JTA – As a Dutch Jewish couple hiding separately from the Nazis, Emmanuel Joels and Hetty van Son were literally drawn together by a comic book of Emmanuel’s romantic invention.
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After narrowly avoiding deportation to Auschwitz thanks to a policeman’s tip, the young couple spent two-and-a-half years living less than a mile apart, each in the care of rescuers with ties to the resistance in the city of Apeldoorn, 55 miles east of Amsterdam.
It was a fortunate situation in a country where 75 percent of Dutch Jewry was murdered – the highest death rate in Nazi-occupied Western Europe. Their benefactors were so caring that they risked catching van Son’s tuberculosis, supplying her with the rare luxury of fatty foods to treat her.
Even though they were safe and close, the lovers could not see one another – their hiding places were separated by a major traffic artery for Nazi troops that they could not risk crossing.
So Emmanuel – or E., as he calls himself – devised a creative and discreet way for the couple to stay in touch and offer mutual support: He drew his love a colorful comic book, dispatching a new episode each week to her safe house. The courier was Geeske Schurink, the seven-year-old daughter of the family that sheltered E.
After decades of storage in a cardboard box, E.’s three wartime detective graphic novels about Dompie Stompie, a stick figure detective made out of what appears to be metal wire, was finally published last year. It forms the basis for an exhibition that opened last month at the Jewish Historical Museum in Amsterdam.
The museum, a renowned institution that receives more than 250,000 visits annually, put E.’s “Dompie Stompie Metal Wire Man” series on display as “an illustration of stubborn bravery” during the Holocaust, curator Irene Faber told JTA.
Yet the books – each containing 30-odd pages filled with neatly handwritten text and drawings – do not mention the Holocaust or the war. Rather they are escapist stories about imaginary countries that Dompie Stompie visits in his travels, where he is asked to solve crimes.
Joels, a retired finance auditor with a photographic memory who rarely speaks about his emotions, says he took up painting because it was the hobby of choice at the Schurinks, the impoverished family that hid him and several other Jews during the Holocaust.
Bored and cut off from the outside world, Joels brushed up his sketching skills from high school and drew from memory a Monopoly board for the family’s four children. They had never heard of the game.
He says he chose a stick figure for his graphic novels’ protagonist because he was no good at drawing faces. But his oldest daughter, Jet Naftaniel, believes there is more to the choice: She says it “symbolizes simplicity and fortitude” as well as, perhaps, the barbed wire fences that were surrounding ghettos and concentration camps.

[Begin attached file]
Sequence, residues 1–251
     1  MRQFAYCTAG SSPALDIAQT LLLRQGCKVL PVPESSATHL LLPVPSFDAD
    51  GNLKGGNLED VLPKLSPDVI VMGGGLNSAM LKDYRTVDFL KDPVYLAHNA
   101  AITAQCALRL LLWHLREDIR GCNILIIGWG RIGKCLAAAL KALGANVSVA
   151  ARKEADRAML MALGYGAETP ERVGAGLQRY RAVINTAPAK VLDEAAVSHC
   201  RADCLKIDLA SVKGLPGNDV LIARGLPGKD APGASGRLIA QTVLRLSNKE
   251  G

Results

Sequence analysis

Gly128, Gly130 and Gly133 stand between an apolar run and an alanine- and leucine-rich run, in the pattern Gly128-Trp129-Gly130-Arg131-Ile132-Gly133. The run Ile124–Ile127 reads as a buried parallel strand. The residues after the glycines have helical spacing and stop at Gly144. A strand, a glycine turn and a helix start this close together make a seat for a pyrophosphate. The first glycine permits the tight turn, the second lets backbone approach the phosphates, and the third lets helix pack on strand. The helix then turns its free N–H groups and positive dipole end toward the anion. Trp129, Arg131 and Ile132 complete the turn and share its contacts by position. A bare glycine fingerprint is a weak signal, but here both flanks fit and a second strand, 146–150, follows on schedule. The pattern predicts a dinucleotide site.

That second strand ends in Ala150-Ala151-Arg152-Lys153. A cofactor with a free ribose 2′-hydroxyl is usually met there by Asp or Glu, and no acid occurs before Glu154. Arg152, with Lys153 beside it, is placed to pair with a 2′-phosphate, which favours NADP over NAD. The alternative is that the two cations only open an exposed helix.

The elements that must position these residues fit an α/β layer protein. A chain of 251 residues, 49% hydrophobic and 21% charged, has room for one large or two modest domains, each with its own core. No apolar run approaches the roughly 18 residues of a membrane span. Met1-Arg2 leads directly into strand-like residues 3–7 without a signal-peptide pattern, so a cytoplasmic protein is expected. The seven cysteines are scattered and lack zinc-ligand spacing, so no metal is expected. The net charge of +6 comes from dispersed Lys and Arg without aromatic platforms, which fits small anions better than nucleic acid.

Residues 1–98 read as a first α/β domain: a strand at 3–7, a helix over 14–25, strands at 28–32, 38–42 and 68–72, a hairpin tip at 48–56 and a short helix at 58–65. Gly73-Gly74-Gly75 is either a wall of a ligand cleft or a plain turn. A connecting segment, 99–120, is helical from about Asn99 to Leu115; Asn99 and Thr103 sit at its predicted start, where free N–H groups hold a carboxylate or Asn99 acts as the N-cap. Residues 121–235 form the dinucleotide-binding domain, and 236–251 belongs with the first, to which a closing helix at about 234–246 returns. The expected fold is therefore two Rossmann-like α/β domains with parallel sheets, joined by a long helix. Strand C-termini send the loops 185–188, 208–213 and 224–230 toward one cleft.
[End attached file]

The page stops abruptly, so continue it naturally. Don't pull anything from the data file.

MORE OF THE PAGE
Joels says he found his own drawings “silly.” But after the war, he adopted the stick figure as his John Hancock and would often make humorous references to Dompie Stompie’s adventures around the dinner table, Naftaniel says.
In the third and final “Dompie Stompie” volume, the detective is set upon by a bird of prey that resembles the Imperial Eagle that featured heavily in Nazi imagery. The bird drops Dompie in front of a camouflaged bunker that evokes the author’s own life in hiding.
Joels, now 97 and living in an assisted-living facility, says he never intended such allusions, attempting merely to entertain his fiancée with drawings that would betray neither their author nor intended reader in case they were ever intercepted. They were married shortly after the war ended.
For him, the “Dompie” series was primarily a way of keeping his promise to van Son, who passed away last year, that they would always offer each other positive “light points” no matter what hardships life threw at them.
By the time they were 25, life had thrown quite a few hardships their way. Before going into hiding, van Son was forced out of her training position as a buyer for a department store in Amsterdam. She became a nurse at a Jewish psychiatric hospital in her hometown of Apeldoorn – one of the few places where Jews could still work under Nazi occupation, and the place where she contracted her lung disease.
Joels followed her there, escaping with her just hours before the Nazis raided the institution and sent all the patients and staff in cattle cars for immediate execution at Auschwitz. They both lost family members in Nazi death camps.
After the war, the couple seldom spoke about their traumas. Joels would read from the “Dompie Stompie” books to Jet and her younger sister, Marian, but it gave them nightmares, Naftaniel recalls.
“Our parents would only tell us about the positive things from the Holocaust, but even as a child that didn’t add up,” she said. “We knew relatives died there and we sensed the tension in their voices. They gave us their anxieties without ever speaking about them.”
Jet and Marian found the drawings in a box buried deep in a closet a few years ago while moving their parents to an assisted living facility, Naftaniel recalls.
“It’s a nice family story, but it’s also a story of the incredible willpower of my parents and their whole generation not to succumb to darkness even when resisting it seemed pointless,” she said.
Joels and his family gave the first copy of the “Dompie Stompie” series to Geeske Schurink, the little girl who delivered his episodes across the street to van Son. Geeske never said a word about the guests, who would huddle together in the attic whenever the Schurinks received visits – including by some Nazi relatives.
“It was one of the many unbelievable things that happened then, that none of the children, no matter how young, ever told anyone about the people in hiding in their home,” Joels said.